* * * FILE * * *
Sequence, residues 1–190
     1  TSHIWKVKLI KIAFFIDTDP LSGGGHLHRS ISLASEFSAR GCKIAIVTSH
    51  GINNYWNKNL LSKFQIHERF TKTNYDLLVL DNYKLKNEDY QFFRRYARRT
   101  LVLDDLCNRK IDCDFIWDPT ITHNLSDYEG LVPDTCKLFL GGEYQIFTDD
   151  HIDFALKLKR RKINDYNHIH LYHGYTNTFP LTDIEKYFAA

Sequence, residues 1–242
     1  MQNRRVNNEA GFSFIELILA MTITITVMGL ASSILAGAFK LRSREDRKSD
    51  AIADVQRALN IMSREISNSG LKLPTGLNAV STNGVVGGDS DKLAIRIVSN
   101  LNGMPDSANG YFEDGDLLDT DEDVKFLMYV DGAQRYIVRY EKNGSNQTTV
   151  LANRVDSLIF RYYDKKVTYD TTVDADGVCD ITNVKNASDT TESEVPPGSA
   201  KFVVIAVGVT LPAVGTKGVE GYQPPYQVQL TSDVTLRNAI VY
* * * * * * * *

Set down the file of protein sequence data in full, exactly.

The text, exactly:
Sequence, residues 1–190
     1  TSHIWKVKLI KIAFFIDTDP LSGGGHLHRS ISLASEFSAR GCKIAIVTSH
    51  GINNYWNKNL LSKFQIHERF TKTNYDLLVL DNYKLKNEDY QFFRRYARRT
   101  LVLDDLCNRK IDCDFIWDPT ITHNLSDYEG LVPDTCKLFL GGEYQIFTDD
   151  HIDFALKLKR RKINDYNHIH LYHGYTNTFP LTDIEKYFAA

Sequence, residues 1–242
     1  MQNRRVNNEA GFSFIELILA MTITITVMGL ASSILAGAFK LRSREDRKSD
    51  AIADVQRALN IMSREISNSG LKLPTGLNAV STNGVVGGDS DKLAIRIVSN
   101  LNGMPDSANG YFEDGDLLDT DEDVKFLMYV DGAQRYIVRY EKNGSNQTTV
   151  LANRVDSLIF RYYDKKVTYD TTVDADGVCD ITNVKNASDT TESEVPPGSA
   201  KFVVIAVGVT LPAVGTKGVE GYQPPYQVQL TSDVTLRNAI VY